, Volume 53, Issue 1, pp 41–48 | Cite as

Inefficient use of inverted pendulum mechanism during quadrupedal walking in the Japanese macaque

  • Naomichi Ogihara
  • Haruyuki Makishima
  • Eishi Hirasaki
  • Masato Nakatsukasa
Original Article


In animal walking, the gravitational potential and kinetic energy of the center of mass (COM) fluctuates out-of-phase to reduce the energetic cost of locomotion via an inverted pendulum mechanism, and, in canine quadrupedal walking, up to 70% of the mechanical energy can be recovered. However, the rate of energy recovery for quadrupedal walking in primates has been reported to be comparatively lower. The present study analyzed fluctuations in the potential and kinetic energy of the COM during quadrupedal walking in the Japanese macaque to clarify the mechanisms underlying this inefficient utilization of the inverted pendulum mechanism in primates. Monkeys walked on a wooden walkway at a self-selected speed, and ground reaction forces were measured, using a force platform, to calculate patterns of mechanical energy fluctuation and rates of energy recovery. Our results demonstrated that rates of energy recovery for quadrupedal walking in Japanese macaques were approximately 30–50%, much smaller than those reported for dogs. Comparisons of the patterns of mechanical energy fluctuation suggested that the potential and kinetic energies oscillated relatively more in-phase, and amplitudes did not attain near equality during quadrupedal walking in Japanese macaques, possibly because of greater weight support (reaction force) of the hindlimbs and more protracted forelimbs at touchdown in the Japanese macaque, two of the three commonly accepted locomotor characteristics distinguishing primates from non-primate mammals.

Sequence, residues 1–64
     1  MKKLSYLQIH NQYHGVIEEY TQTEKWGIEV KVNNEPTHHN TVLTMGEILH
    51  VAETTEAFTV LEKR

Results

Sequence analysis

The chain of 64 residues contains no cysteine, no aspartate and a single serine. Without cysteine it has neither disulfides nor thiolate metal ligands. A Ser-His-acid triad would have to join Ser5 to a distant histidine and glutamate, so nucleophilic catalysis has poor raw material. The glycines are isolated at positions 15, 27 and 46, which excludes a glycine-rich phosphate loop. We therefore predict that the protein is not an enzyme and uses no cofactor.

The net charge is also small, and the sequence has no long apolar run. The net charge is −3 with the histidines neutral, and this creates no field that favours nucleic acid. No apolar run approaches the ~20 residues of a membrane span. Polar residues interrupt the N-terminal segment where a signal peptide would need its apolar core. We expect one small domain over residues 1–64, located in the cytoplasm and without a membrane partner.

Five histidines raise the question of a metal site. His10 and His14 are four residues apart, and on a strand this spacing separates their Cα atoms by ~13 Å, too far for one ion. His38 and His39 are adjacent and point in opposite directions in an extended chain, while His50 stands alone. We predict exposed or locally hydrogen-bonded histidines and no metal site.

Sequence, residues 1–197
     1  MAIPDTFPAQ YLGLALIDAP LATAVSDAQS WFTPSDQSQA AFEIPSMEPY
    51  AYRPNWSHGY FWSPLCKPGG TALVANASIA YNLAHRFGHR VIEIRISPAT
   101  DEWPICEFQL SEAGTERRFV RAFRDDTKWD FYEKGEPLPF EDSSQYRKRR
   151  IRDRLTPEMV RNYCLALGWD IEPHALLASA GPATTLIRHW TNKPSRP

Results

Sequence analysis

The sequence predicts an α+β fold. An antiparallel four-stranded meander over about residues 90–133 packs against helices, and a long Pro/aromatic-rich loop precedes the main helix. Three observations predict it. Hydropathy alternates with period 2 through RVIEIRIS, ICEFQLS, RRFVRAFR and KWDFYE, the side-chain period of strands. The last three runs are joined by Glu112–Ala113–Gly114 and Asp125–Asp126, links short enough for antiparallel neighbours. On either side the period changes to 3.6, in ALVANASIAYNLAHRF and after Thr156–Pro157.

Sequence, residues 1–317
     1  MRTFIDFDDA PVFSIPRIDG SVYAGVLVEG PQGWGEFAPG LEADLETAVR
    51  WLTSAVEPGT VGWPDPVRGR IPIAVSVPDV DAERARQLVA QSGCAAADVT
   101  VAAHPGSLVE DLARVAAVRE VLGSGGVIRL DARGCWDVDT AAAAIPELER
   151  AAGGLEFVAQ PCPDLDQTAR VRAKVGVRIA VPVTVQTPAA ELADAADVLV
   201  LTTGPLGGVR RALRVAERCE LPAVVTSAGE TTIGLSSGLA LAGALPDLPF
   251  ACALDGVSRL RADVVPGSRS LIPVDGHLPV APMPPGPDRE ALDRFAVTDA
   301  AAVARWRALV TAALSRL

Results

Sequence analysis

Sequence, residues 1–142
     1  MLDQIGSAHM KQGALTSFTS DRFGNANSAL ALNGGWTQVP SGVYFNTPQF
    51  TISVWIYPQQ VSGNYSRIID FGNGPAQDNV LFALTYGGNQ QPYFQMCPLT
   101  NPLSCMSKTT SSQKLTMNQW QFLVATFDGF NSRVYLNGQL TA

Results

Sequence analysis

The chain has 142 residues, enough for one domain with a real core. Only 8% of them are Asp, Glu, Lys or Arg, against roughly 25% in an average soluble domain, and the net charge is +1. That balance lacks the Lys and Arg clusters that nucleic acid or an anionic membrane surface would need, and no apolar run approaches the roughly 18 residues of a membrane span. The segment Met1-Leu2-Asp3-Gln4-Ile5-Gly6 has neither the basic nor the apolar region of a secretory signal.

Locomotion Mechanical energy Ground reaction force Macaca fuscata 



We wish to express our gratitude to the staff at Suo Monkey Performance Association for their generous collaboration in the experiments. We are also grateful to Sugio Hayama, Hidemi Ishida, Kazumichi Katayama, and Nobutoshi Yamazaki for their continuous guidance and support throughout the course of the present study. We are also grateful to anonymous reviewers for their constructive and thoughtful comments. This study was supported by a Grant-in-Aid for Scientific Research on Priority Areas “Emergence of Adaptive Motor Function through Interaction between Body, Brain and Environment” from the Japanese Ministry of Education, Culture, Sports, Science and Technology.


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Copyright information

© Japan Monkey Centre and Springer 2011

Authors and Affiliations

  • Naomichi Ogihara
    • 1
  • Haruyuki Makishima
    • 2
  • Eishi Hirasaki
    • 3
  • Masato Nakatsukasa
    • 2
  1. 1.Department of Mechanical Engineering, Faculty of Science and TechnologyKeio UniversityYokohamaJapan
  2. 2.Laboratory of Physical Anthropology, Graduate School of ScienceKyoto UniversityKyotoJapan
  3. 3.Primate Research InstituteKyoto UniversityInuyamaJapan

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